Page xxv
    We doctors have realized for a long time that some form of moral psychology was of urgent importance to alcoholics, but its application presented difficulities beyond our conception. What with our ultra-modern standards, our scientific approach to everything, we are perhaps not well equipped to apply the powers of good that lie outside our synthetic knowledge.

    page xxvi
    We feel, after many years of experience, that we have found nothing which has contributed more to the rehabilitaion of these men than the altruistic movement now growing up among them.

    Pagexxvii
    After they have succumbed to the desire again, as so many do, and the phenomenon of craving develops, they pass through the well-known stages of a spree, emerging remorseful, with a firm resolution not to drink again.
    This is repeated over and over, and unless this person can experience an entire psychic change there is very little hope of his recovery.
    On the other hand-and strange as this may seem to those who do not understand-once a psychic change has occurred, the very same person who seemed doomed, who had so many problems he despaired of ever solving them, suddenly finds himself easily able to control his desire for alcohol, the only effort necessary being that required to follow a few simple rules.
    Men have cried out to me in sincere and despairing appeal: "Doctor, I cannot go on like this! I have everything to live for! I must stop, but i cannot! You must help me!"
    Faced with this problem, if a doctor is honest with himself, he must sometimes feel his own inadequacy. Although he gives all that is in him, it often is not enough. One feels that something more than human power is needed to produce the essential psychic change. Though the aggregate of recoveries resulting from psychiatric effort is considerable, we physicians must admit we have made little impression upon the problem as a whole. Many types do not respond to the ordinary psychological approach.
     
  11. lamplight

    lamplight Member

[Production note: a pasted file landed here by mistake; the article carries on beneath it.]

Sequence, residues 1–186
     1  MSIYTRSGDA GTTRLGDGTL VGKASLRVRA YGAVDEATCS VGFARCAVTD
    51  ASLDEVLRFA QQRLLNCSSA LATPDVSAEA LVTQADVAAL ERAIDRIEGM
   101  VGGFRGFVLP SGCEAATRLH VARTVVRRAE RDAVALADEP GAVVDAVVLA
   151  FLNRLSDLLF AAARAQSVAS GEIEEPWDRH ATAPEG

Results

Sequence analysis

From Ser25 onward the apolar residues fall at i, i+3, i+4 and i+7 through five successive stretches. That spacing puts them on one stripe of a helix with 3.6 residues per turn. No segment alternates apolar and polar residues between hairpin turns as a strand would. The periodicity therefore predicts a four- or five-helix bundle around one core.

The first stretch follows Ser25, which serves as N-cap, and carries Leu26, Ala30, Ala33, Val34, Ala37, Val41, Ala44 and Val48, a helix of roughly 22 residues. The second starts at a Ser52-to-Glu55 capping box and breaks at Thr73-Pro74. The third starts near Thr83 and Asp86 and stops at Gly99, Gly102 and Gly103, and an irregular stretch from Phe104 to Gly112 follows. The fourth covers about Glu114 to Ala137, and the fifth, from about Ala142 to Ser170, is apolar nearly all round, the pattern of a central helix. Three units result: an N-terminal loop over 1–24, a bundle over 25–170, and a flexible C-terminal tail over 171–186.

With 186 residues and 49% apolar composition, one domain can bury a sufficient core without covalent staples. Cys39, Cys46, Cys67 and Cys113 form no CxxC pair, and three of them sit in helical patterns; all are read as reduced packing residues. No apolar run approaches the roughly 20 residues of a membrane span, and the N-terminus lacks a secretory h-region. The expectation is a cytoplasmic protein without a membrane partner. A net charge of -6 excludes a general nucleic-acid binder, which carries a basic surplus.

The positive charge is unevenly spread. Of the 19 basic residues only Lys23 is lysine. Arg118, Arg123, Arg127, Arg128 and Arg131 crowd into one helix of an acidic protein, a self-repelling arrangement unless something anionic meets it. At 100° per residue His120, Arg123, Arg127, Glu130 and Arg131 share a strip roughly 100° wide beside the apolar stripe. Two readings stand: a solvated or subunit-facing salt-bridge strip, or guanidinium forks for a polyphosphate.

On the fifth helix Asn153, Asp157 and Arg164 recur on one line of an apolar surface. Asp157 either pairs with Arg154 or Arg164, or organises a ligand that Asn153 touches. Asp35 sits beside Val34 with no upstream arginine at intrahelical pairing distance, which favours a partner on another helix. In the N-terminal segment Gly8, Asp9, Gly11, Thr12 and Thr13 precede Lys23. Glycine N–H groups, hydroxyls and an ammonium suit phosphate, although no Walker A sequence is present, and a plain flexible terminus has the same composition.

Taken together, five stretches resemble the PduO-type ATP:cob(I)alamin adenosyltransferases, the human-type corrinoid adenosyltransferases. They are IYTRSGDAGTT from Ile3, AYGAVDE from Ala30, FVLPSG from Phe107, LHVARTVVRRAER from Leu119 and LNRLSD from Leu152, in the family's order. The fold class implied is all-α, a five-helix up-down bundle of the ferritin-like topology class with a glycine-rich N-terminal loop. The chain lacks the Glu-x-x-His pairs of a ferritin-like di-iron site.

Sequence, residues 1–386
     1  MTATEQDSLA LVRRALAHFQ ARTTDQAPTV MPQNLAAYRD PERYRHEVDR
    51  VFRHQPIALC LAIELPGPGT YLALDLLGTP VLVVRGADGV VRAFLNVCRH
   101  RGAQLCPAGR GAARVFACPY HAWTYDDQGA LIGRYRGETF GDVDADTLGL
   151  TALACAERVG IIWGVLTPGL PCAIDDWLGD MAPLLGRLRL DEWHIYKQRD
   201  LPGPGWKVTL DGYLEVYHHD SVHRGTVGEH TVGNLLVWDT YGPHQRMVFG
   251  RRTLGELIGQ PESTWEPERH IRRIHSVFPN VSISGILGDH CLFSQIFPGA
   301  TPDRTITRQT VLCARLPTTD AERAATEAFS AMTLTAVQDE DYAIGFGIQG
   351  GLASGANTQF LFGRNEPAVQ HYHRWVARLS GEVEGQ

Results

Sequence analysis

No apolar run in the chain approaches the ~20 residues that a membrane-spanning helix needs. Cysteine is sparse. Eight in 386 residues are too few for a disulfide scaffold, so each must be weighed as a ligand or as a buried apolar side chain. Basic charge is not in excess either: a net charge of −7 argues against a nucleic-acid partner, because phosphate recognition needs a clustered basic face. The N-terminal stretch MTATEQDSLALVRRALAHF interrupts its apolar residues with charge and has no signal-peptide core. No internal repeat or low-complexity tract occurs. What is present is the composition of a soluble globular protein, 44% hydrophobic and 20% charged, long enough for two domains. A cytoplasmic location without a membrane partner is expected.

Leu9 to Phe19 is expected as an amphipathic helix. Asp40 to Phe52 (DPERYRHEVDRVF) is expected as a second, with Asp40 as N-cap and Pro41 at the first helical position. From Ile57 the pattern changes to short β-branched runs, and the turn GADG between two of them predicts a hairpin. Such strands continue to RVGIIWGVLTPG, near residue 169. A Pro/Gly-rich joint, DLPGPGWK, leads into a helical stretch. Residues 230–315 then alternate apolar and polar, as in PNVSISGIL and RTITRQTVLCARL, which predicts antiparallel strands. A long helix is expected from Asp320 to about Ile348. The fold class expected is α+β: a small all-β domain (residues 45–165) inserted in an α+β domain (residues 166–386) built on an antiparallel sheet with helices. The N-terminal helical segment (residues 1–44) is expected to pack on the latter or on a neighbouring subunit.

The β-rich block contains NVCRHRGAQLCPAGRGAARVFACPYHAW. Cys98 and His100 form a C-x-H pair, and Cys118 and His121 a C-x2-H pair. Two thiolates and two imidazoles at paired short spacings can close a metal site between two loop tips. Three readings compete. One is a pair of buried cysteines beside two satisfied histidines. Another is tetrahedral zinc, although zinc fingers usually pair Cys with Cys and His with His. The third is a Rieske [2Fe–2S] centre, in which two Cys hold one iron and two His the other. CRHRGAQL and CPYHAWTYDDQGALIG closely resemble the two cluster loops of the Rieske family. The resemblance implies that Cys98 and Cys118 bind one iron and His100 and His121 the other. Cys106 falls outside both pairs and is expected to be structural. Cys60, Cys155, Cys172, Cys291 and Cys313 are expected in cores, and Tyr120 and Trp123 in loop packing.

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    Well... here's where it becomes a bit more difficult. hehe... As I said, I'm absolutely no expert, but what it means to be "integrally informed", is to always take the 4 different quadrants into account when dealing with ordinary life experiences. So there's the good, the true and the beautiful (which are three of the quadrants. We, It, I.)

    So, in integral medicine, for example, one would take all of these factors into account. What is the empirical evidence that this will work, what are the ethical implications, how will the person feel and experience the treatment. This is of course a bit over simplified, but just to make an example.

    The goal, I think, is to expand your consciousness and understanding of consciousness to as high a level as you can. He even has developmental levels like this:

    level 1. Archaic
    level 2. Mythic
    level 3. Magic
    level 4. Traditional (these are the people who believe the bible is the exact word of god and should be taken literally.)
    level 5. modern
    level 6. post-modern (these are the baby boomers, I think.)
    level 7. Integral.

    pheew... :redface:
     
  12. JustAsking

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    By the way, I am not being antagonistic here. I am in total agreement that truth comes in many forms and in many states of mind. My problem is that except for empirical truth, I don't know how to evaluate any other kind of truth. Its a question I have been thinking about for years, especially as a person of faith. So, yes, truth comes in many forms and in many states of mind, but so do delusions. There is my problem.

    How do you separate out the "woo woo" of any crackpot's notion of ""spiritual vibrational planes" and "life force dimentions" from true wisdom imparted from God, the universe, or life, if there is no way to verify it. If there is a way to verify it, then it is, by definition, empirical truth.

    So my compaints below are simply a sincere attempt at answering my lifelong question.

    lavever,
    I am familiar with Dr. Bob, AA, and The Big Book. I live only a few miles away from where it all began in Akron, Ohio. I have a dear friend who has been going to AA for quite a while, and I have accompanied her to meetings and read the Big Book. I am totally convinced that AA is one of the most effective techniques for fighting alcohol addiction.

    However, I don't see why AA is not an empirical technique. For example, can the success rate of remission for the AA technique can easily be measured to be superior to other forms of therapy? If so, then it is a practice that has been empirically proven to be superior.

    Secondly, although the Big Book talks about a higher power, the actual practice of the BB is a human communal one. In other words, would prayer alone be as effective without meetings and the other secular steps in the process? And, could an atheist still benefit from the AA process if he followed it without belief in a higher power?

    Finally, as a Lutheran, I would readily believe that God's influence on us is mediated by other humans in community, and not directly. But ask me to separate out the influence of a community and God's influence through the community and I would not have a clue.